The Edinburgh International Festival was founded in 1947 as a project to showcase Europe’s artistic potential rather than dwell on the destruction wrought by the Second World War. In that light the political ‘borders’ theme of the 2008 festival seems fitting, as does the choice of Michael Tippet’s A Child of Our Time for the official closing concert.
A Child of Our Time combined some of my favourite things in one big Oratorio package; pacifism, allusions to Carl Jung, and beautiful music. The vocal parts don’t exactly tell a story – the piece is more a cry for peace, love and compassion. Tippet asked T.S. Eliot to re-write the libretto, but Eliot refused – concerned he would make it too obviously poetic.
A Child of Our Time reminded me slightly of The Pilgrim’s Progress, but that might just be due to Williams and Tippet being English contemporaries. The piece combines elements of traditional choral music with African-American jazz and spirituals like ‘Nobody Knows the Trouble I See’.
Like the festival, A Child of Our Time ends on an optimistic note about the future:
I would know my shadow and my light,
so shall I at last be whole.
Then courage, brother, dare the grave passage.
Here is no final grieving, but an abiding hope.
The moving waters renew the earth. It is spring
A Child of Our Time
BBC Scottish Symphony Orchestra and the Edinburgh Festival Chorus
[Performance to be broadcast on BBC 3 on 29/09/08.]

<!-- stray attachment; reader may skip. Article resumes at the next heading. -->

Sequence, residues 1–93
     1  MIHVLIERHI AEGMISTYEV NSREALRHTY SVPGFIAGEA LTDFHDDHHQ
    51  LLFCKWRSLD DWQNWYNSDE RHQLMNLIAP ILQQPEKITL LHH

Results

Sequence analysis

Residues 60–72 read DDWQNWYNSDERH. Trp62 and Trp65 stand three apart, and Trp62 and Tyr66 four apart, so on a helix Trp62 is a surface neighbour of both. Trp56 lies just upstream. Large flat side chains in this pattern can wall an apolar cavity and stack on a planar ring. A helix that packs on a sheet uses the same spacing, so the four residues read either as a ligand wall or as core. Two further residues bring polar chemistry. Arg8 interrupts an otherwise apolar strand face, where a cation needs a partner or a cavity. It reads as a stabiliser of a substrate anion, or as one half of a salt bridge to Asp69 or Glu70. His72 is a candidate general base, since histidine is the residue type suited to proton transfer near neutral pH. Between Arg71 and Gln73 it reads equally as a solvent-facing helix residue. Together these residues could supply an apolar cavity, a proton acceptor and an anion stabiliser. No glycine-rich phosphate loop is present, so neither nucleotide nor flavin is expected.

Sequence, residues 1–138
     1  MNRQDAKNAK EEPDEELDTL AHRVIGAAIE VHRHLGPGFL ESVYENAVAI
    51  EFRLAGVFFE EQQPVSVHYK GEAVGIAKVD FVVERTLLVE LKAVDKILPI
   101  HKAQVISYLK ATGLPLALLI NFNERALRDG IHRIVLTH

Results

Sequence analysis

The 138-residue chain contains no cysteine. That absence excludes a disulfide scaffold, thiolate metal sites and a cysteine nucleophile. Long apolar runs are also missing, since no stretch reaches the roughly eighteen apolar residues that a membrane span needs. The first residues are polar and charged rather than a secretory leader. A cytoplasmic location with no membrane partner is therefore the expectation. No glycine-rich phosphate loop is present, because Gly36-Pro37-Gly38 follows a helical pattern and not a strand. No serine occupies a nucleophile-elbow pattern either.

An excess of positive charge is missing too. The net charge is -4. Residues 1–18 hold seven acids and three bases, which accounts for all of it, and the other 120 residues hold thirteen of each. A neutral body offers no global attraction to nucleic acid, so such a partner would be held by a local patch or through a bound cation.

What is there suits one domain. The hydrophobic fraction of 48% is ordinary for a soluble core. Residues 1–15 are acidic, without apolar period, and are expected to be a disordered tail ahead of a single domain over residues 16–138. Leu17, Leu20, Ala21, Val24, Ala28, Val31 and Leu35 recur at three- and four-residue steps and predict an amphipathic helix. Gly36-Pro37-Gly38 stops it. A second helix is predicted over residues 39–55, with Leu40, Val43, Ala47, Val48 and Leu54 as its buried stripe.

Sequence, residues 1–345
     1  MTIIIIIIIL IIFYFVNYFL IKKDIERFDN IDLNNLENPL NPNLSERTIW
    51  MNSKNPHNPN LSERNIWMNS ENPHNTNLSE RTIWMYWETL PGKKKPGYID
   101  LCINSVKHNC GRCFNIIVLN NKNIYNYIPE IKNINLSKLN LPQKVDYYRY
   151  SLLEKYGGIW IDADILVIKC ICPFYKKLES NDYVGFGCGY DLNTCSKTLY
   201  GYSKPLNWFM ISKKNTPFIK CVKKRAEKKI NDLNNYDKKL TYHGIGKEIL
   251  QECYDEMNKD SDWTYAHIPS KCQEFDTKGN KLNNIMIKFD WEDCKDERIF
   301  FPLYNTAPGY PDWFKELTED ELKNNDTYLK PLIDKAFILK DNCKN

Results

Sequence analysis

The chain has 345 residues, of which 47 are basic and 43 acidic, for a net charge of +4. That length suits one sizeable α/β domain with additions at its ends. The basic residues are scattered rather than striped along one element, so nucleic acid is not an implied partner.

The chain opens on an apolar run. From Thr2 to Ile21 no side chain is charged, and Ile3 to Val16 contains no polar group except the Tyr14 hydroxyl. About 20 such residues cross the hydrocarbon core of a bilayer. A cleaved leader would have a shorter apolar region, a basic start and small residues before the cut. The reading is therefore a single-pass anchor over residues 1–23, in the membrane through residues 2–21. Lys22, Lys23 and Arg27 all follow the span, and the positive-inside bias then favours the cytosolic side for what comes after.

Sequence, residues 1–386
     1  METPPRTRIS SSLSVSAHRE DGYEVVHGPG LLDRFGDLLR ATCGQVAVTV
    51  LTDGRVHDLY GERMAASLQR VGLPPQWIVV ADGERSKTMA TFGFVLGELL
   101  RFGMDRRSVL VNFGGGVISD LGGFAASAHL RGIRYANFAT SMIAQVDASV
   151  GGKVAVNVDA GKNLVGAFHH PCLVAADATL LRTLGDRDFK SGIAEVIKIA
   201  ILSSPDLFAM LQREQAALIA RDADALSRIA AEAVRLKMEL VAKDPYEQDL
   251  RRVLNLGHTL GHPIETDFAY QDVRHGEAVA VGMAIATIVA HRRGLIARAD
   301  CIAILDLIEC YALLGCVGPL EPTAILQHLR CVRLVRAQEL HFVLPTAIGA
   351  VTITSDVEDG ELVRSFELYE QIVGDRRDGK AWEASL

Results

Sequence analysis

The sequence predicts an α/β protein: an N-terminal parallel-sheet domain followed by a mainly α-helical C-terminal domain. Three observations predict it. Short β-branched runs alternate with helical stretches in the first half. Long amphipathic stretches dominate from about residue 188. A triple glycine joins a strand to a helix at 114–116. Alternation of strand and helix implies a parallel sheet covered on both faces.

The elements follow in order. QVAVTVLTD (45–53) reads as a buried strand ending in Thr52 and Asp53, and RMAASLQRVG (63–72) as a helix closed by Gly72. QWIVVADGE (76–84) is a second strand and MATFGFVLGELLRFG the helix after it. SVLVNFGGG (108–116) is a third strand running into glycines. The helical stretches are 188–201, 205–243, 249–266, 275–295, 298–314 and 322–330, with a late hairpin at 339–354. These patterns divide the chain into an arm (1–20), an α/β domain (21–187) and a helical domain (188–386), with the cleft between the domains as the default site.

On Friday I had dinner at the Elephant House Café, located near the Royal Museum of Scotland on George IV Bridge in Old Town. Famous for being “the birthplace of Harry Potter”, J.K. Rowling used to visit to nurse a cup of coffee and her child while writing the first Harry Potter novel on a meagre government arts grant. It’s right between the university campus and the Royal Mile and my dinner with salad and bread cost only seven pounds. It’s scruffy and lovely.
After dinner I went up the street to the Hub, the Edinburgh International Festival’s offices on the Royal Mile. Wolpe! was held in the main hall, upstairs above the ticketing centre. As the seating was unreserved, when I arrived at half past seven there was already a queue all the way to the front door of the building. The performance wasn’t due to start until eight. I decided not to join the masses and moved outside to enjoy the late sunlight, where a scalper offered to sell me a ticket. Twice.
All the buzz at the Hub raised my expectations somewhat for what was described in the program as a staged concert. It was produced by Muziektheater Transparant from Brussels – a “company that shifts the boundaries between opera and music-theatre, blending the old and the new.”
The concert was of Stefan Wolpe’s music, but it wasn’t quite a concert. It wasn’t quite theatre either. I got the impression it was more like a guy playing the piano, a guy singing and a woman talking about how much she admired the composer. And what she thought about life and Marxism too. As described in the program:
Wolpe! is not a pedantic lecture on Stefan Wolpe’s work but an attempt to find out his attitude towards the era in which he lived. An artist who creates is on a journey, following a path whose outcome he does not know.